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What is the best way to distinguish between 'method' and 'methodology'?
September 4, 2014 2:35 AM   Subscribe

I would like to be able to understand, and explain articulately to colleagues and students should the need arise, the distinction between these two terms.

I've spent plenty of time drifting around the web trying to find succinct, accurate descriptions of these terms, the difference between them, and when their use is correct and incorrect, but I can't find anything satisfactory and memorable.

It seems that these two terms are increasingly misused, mainly with 'methodology' being applied where 'method' would be most fitting, either out of academic pomposity or just generally not knowing any better. There's a fundamental and important difference between them though, and I'd like to be able to grasp it myself and communicate it to others (preferably without sounding hectoring!).

An example might be of a paper that has simply reviewed 10-20 research papers in the field to assess the frequency and depth with which a certain issue has been discussed. It's a mini literature review, and the process needs to be explained in the write-up. This section would correctly be titled 'Methods', rather than 'Methodology', correct? A discussion of the methodology would need to tell us why this approach generates something of value.

Similar such examples of both or either would be much appreciated. Accessability is the key!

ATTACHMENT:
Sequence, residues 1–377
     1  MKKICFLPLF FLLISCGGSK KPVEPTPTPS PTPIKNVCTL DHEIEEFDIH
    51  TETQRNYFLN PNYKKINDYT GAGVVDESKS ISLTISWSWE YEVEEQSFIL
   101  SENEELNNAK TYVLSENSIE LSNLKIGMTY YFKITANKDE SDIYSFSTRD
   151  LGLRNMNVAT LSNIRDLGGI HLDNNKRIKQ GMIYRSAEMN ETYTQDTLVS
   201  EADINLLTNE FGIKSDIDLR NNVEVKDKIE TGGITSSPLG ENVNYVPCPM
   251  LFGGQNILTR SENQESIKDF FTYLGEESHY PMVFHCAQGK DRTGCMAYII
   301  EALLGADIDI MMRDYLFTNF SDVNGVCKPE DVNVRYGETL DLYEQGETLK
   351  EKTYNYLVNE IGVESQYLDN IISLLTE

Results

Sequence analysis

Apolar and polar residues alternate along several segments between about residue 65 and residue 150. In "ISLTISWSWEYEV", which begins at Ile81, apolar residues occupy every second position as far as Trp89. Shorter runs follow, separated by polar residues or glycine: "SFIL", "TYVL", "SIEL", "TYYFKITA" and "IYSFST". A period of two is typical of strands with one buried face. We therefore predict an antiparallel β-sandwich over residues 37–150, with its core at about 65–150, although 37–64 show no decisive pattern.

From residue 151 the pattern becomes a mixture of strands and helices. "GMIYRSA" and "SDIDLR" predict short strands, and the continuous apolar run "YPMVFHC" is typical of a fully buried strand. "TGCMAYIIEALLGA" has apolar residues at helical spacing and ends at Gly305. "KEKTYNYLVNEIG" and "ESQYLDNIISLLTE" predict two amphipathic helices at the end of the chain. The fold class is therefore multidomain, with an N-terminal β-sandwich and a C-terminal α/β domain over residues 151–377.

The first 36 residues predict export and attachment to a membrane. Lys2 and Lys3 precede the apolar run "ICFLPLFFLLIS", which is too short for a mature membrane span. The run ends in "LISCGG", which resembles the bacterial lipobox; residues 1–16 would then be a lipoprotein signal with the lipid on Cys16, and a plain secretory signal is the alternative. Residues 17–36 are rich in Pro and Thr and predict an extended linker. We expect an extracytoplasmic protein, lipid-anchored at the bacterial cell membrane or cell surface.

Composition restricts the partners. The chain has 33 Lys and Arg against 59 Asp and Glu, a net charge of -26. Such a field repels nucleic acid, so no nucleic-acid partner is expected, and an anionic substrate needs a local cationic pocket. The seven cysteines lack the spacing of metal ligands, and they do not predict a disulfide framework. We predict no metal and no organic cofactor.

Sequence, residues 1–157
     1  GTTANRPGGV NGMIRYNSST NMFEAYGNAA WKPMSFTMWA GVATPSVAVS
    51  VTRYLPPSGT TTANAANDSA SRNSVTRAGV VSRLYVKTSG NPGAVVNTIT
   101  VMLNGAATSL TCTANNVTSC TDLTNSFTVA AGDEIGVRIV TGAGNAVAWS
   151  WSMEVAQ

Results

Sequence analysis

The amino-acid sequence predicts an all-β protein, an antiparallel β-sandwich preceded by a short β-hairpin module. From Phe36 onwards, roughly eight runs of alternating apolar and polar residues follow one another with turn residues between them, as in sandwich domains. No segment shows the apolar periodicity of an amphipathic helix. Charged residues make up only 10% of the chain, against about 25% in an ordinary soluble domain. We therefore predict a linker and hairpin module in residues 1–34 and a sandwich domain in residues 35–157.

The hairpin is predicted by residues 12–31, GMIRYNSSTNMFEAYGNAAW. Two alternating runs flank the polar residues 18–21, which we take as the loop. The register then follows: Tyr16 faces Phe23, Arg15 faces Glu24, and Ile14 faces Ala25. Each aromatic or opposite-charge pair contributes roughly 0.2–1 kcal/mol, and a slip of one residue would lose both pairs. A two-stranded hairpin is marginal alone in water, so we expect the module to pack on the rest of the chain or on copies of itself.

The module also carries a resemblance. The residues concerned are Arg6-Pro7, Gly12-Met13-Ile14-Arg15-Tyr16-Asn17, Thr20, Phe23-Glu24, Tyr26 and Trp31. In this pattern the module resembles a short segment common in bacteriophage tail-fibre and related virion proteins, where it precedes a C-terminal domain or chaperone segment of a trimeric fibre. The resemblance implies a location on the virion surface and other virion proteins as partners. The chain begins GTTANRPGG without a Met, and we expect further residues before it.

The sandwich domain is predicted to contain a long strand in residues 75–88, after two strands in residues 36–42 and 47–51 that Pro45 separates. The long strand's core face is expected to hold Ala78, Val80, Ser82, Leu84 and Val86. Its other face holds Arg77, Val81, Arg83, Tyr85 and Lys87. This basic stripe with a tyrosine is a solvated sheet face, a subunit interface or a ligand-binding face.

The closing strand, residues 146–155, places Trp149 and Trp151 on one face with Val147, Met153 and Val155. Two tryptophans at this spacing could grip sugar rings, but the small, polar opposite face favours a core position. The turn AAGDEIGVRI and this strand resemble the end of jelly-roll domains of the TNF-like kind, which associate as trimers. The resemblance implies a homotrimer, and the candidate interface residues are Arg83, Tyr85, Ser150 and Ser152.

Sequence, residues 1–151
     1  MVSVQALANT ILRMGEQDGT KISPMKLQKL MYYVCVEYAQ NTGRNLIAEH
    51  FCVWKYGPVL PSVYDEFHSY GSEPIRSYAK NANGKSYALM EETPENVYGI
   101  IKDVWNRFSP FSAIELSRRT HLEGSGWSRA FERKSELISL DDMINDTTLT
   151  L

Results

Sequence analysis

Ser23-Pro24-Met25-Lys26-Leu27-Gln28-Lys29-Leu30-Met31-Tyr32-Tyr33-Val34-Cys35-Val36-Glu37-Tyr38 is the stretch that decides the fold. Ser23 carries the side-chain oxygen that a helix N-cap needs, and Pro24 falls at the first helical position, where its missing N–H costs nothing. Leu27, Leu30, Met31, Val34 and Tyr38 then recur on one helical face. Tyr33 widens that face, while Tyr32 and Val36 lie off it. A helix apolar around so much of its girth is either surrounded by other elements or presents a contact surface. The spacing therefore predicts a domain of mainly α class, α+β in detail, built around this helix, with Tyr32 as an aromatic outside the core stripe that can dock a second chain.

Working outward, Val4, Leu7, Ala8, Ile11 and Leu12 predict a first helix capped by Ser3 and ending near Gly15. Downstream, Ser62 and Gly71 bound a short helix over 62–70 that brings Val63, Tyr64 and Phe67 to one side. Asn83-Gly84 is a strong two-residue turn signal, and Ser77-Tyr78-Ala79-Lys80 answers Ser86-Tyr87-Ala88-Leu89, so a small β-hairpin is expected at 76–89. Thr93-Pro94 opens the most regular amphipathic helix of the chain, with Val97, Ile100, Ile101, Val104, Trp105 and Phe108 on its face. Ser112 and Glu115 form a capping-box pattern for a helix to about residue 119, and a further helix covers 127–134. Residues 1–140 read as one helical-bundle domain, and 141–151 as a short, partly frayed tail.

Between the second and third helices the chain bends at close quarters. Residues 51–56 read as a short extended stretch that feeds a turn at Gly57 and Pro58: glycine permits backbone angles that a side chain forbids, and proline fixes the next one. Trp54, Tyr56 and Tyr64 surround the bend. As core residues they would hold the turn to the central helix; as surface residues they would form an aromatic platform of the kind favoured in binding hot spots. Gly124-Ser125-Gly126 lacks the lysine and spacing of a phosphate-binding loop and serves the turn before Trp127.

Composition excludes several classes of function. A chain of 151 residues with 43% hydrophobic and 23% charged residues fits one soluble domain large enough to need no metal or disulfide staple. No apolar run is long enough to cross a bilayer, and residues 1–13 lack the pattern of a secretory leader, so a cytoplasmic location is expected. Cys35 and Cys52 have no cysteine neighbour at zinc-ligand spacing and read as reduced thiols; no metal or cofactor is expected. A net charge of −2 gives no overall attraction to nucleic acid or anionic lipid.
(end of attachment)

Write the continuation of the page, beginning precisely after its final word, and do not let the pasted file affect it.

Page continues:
Many thanks.
posted by fishingforthewhale to Education (2 answers total) 7 users marked this as a favorite

"Method" is what you do. "Methodology" is the reasons you do it that way, and the reason is that it produces a trustworthy kind of knowledge (and not because it's easier or cheaper to do it that way - even though that's often a real world reason.)

That's how I've always understood it and how I've always explained it.

The problem I've run into is with the Instrumentalists. They'll say - "I did it that way because that's how you (or "they") told me to. That's how you do a lit review by definition". To which I respond "how do you know that you're generating the kind of knowledge you need? What are the implications of each decision you make along the way on your final product?" I use the word "product" because I'm talking to the Instrumentalists.

Taking it further: "which journals will you look at? How many? Why that many? Why those journals? Books? Or just journals? How far back in time will you go? Why not farther? Will you look across disciplines? Why or why not? How do you know you're done and ready to write? How will you judge 'depth' -- if a journal is well-read, does that mean the coverage of your topic in it is more important, more likely to be seen/read - is that an indication of 'depth'? But what if they treat the topic with only a surface analysis? Is that important? Perhaps the popular journal is really providing 'reach' but not 'depth', is that okay with you? Maybe that's something to write about?"
posted by vitabellosi at 3:50 AM on September 4 [7 favorites]

"Methodology, as reflection on the correct procedure of science, is necessarily reflection on the limitations of science. If science is indeed the highest form of human knowledge, it is reflection on the limitations of human knowledge."

- Leo Strauss

Methodology is the study of the implications, possibilities, conditions, problems etc of various methods. Method is the thing you actually use.

But I like this quote from Giorgio Agamben best:

"Anyone familiar with research in the human sciences knows that, contrary to common opinion, a reflection on method usually follows practical application, rather than preceding it. It is a matter, then, of ultimate or penultimate thoughts, to be discussed among friends and colleagues, which can legitimately be articulated only after extensive research."

I'll be giving a course on Methodology of Semiotic Analysis, with the first lecture starting in two hours. :)
posted by Pyrogenesis at 4:16 AM on September 4 [1 favorite]

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